Council should reserve the right to refuse the hiring of the room for any purpose
not approved of. In addition to the above charge it was agreed that Girl Guides
and Boy Scouts be permitted the use the room for one shilling per night, the room
to be left clean.

At a meeting in October 1926, the Skittle Club applied for terms of being allowed
the let of the skittles alley. It was agreed to let it to the club for £1 for the



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following 12 months. Many years later in June 1944, a Mr Gillard booked the
skittle alley having been approached by other villagers to form a skittles club in the
village. The club needed to have use of the alley on two nights a week. It was
pointed out the Home Guard were at that time using the building as a rifle range.
The clerk was instructed to find out the Home Guard's requirements regarding
future use.

 Another Jubilee
1935 brought about discussion of Jubilee celebrations. It was decided to incorporate
the service at St Pauls, London commencing at 11am to be relayed to the church.
Then with a cricket match (ladies versus gentleman) in the afternoon followed by
sports, tea and refreshments and at 10 o’clock a bonfire and fireworks. A
committee was formed and an account equivalent to a penny rate was spent on the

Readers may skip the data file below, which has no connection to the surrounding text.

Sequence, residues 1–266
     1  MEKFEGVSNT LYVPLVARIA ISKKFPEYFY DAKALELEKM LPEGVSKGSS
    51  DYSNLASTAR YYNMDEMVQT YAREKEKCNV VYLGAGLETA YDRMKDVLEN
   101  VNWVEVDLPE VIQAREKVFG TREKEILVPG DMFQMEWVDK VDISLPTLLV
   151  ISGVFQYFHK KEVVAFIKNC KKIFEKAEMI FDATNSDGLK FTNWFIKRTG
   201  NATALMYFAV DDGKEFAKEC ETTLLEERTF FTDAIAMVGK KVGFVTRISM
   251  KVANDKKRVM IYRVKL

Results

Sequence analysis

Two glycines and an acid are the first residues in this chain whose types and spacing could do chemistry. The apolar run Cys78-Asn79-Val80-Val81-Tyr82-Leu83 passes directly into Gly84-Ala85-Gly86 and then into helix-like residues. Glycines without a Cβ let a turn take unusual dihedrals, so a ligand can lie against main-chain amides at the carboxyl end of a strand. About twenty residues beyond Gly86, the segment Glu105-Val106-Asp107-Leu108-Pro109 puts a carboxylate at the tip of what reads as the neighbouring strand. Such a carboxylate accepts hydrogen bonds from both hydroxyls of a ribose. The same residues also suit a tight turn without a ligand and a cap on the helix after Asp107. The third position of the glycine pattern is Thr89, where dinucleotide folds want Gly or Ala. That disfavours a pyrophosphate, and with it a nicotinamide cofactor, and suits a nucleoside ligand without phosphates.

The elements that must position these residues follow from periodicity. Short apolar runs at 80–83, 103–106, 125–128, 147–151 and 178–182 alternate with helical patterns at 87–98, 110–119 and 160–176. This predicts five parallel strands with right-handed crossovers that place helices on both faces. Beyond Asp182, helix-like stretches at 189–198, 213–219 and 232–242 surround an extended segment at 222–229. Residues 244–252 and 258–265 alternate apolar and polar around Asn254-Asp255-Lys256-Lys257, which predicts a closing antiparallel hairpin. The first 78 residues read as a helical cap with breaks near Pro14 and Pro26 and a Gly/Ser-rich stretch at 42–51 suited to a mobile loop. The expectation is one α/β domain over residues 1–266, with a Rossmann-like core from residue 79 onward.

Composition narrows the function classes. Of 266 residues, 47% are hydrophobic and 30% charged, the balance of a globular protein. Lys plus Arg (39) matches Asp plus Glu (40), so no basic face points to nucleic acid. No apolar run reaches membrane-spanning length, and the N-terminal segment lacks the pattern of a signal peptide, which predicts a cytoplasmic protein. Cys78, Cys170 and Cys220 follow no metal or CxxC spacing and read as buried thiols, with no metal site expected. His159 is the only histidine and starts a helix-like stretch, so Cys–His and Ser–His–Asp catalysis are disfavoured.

celebrations.

Household refuse
1936 saw for a trial period of 6 months the collection of household refuse.

Edward VIII Coronation
A meeting of parishioners took place on 1st December 1936 to discuss plans to
celebrate the Coronation of King Edward V111 the following May. It was agreed
that festivities should follow those of the Jubilee Celebrations and a rate of 2pence
in the pound was set for a sport day followed by tea and fireworks in the evening.
A further meeting on Monday May 3rd 1937 by the Parish Council to deal with the
Coronation agreed the payment of £3 for arrangements from an orchestra
composed of violin, banjo, and piano. It was also decided to order an oak tree with
a tablet and the vicar suggested that Mr & Mrs Gunn plant the same on
Coronation day in the burial ground. The clerk was instructed to send a telegram
to His Majesty on Coronation morning as follows: ‘Your loyal subjects of Abbots
Leigh, Somerset, send you their greetings trusting your reign may be a long and
happy one’. The chairman reported that £42 had been collected towards expenses.

Air Raids
In 1939 the Parish air raid precautions scheme was received from the area organiser
it was fully read and discussed by the Parish Council. The clerk produced a letter
from the area organiser to arrange for the hire of the Village Hall for 12 consecutive
weeks for classes of 30 people to be taught air raid precautions. This was an urgent